From Dad

Cancer. It means different things to different people. My parents are in their 90s and for the majority of their lives it was a killer. As I was growing up that was what it meant to me too. If people got “a diagnosis” teeth were sucked and long faces pulled.

As I got older I knew that things were changing but it wasn’t important other than in an intellectual and abstract sense because until July of this year Cancer only affected other people.

Then things changed..

Our extended family have been touched before but we had been lucky I suppose – but then Cancer cheated. It all became VERY personal VERY quickly. It hit the wrong generation – it had 4 to choose from and it picked the third. That’s not supposed to happen. Ill health is supposed to affect our parents or us – that we can manage – but one of our “little girls” No!!

The scheme of things suggests that the oldest generation gets stuff and uses their lifetime of wisdom and strength to deal with it, supported by the middle generation who in turn have the life experience to deal with it while the younger generations continue their life untouched and are left uninhibited to enjoy themselves.

Each member of the older generations of this family would happily stand in for Alice and deal with “The Nonsense” instead. But we can’t. And that is very, very tough.

All we can do is stand about, and spectate while the NHS does it’s amazing stuff (don’t believe what anyone tells you, the NHS really IS amazing), and help ineffectually when and where we can.

And there is another problem. I don’t think any of us oldies would deal with it quite as well as Alice. We have sagacity, toughness bourn of knocking about in this life for years, and the stubborn resilience that age brings – and I suppose a certain amount of courage. But could we have done it better – no way. I can’t talk for other family members but I’m pretty sure I’d have tried to be tough like Alice – and I’d probably have succeeded but what I wouldn’t have done was shared.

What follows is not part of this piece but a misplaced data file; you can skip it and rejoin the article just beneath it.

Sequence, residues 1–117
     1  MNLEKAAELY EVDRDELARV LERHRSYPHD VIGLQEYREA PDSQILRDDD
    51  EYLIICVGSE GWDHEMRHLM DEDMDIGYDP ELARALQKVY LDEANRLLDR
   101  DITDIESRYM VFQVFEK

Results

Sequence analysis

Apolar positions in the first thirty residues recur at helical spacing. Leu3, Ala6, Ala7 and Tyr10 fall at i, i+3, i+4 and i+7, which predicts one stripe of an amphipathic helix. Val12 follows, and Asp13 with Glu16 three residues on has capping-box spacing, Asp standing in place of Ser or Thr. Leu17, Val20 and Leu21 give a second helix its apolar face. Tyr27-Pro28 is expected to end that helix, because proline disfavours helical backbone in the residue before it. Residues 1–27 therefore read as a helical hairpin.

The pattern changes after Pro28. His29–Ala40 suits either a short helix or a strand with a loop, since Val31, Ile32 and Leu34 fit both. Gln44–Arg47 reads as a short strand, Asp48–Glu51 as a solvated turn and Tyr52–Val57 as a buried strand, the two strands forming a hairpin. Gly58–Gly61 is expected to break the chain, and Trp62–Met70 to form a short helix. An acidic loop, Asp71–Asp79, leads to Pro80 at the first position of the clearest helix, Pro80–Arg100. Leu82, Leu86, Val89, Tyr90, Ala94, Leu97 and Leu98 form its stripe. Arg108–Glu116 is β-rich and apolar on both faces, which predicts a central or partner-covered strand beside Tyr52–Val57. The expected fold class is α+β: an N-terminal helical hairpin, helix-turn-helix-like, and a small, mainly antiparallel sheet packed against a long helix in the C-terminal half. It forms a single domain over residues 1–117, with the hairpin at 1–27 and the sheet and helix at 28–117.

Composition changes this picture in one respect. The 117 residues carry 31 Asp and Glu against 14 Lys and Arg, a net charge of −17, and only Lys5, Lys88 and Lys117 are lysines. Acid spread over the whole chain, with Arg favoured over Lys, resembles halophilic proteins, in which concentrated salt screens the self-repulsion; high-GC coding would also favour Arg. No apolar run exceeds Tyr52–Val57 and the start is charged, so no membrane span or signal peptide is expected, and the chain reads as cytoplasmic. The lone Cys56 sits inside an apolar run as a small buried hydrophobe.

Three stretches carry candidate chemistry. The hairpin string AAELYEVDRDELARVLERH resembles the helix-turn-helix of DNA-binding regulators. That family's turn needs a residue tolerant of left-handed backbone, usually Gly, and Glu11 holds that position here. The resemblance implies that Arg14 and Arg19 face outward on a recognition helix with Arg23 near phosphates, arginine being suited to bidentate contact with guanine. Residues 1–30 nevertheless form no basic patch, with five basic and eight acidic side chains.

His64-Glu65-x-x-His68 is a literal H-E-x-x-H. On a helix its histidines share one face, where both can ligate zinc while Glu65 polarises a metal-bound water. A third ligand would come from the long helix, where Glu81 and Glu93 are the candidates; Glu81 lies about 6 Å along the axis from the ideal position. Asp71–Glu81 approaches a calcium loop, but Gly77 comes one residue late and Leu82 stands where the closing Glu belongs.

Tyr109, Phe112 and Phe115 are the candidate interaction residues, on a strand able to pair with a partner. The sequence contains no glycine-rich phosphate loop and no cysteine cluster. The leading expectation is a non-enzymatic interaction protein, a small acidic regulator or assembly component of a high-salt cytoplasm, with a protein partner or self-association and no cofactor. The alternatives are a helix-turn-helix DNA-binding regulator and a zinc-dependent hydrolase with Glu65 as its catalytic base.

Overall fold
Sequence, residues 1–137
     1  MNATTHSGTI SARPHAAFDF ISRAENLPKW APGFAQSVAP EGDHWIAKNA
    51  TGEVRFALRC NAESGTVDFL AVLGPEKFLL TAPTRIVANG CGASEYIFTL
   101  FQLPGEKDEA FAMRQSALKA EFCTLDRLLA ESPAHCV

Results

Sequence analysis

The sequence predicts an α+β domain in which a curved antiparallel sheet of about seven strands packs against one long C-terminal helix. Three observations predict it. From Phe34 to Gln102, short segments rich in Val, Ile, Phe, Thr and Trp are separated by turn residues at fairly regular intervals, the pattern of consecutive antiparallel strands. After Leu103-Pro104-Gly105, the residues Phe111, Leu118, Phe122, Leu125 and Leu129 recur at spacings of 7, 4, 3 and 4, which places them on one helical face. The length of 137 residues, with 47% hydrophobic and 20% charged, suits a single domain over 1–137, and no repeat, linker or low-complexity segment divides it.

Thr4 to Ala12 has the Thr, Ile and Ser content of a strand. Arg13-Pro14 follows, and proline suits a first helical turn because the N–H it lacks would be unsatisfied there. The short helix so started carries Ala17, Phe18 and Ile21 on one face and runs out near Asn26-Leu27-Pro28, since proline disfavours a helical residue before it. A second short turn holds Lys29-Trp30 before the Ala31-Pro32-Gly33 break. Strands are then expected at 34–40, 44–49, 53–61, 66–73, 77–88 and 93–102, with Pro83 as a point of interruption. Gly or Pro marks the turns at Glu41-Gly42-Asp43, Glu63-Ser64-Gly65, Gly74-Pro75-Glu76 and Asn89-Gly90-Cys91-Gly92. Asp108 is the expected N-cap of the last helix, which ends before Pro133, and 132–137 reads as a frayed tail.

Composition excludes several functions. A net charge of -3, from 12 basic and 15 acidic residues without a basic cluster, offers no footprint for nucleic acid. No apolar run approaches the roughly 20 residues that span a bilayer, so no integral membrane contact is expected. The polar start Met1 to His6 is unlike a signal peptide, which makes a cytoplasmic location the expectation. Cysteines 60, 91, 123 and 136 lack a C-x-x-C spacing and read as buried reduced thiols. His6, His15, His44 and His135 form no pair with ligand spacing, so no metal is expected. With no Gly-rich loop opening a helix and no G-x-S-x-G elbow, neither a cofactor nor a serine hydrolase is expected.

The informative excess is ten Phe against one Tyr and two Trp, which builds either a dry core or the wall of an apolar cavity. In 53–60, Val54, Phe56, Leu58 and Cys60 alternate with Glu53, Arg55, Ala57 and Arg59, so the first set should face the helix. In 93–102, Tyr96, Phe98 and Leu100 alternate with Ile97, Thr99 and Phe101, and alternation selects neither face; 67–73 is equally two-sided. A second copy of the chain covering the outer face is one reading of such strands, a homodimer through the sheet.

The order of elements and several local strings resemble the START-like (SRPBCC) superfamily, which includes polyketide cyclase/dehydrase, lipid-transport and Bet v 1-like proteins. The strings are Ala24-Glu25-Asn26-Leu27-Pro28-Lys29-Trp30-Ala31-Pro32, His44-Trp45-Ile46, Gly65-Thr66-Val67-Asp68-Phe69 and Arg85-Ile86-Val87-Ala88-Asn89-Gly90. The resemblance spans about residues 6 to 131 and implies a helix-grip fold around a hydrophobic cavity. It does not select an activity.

I’d have crept into my (substantially sized) shell and dealt with “the nonsense” with my immediate family only – I’d have told as few people as possible and got on with it. (Let’s face it hair loss would not be a give away for me). However, there is, apparently, another way – a way to turn this life changing event into something that might help other people – and Alice has chosen that path. Which is amazing and which fills me with pride.

I can’t speak for her (she wouldn’t let me and the grammar wouldn’t be good enough) and I have little comprehension of what she is going through, but if you are a parent with a child in a similar situation I think I might understand a bit about where you are. Helpless – strangely guilty and ……. Worried. And knowing much more than I am comfortable with about my daughter’s boobs.

But sometimes it takes something like this for us to see how strong, and amazing our children really are – and I use the plural here very carefully – “the nonsense” has shown me things in both of my children that I never knew was there.

So what should us Parents and Grandparents do? No idea. We try to be supportive – an ear when required and a gentle nudge in what we deem to be the right direction if asked – and sometimes when we’re not – and we’ll try to iron out the rough spots (my turn to get a song title in) when they arise.

But all we can really do is watch, and wait, and hope,

And marvel.

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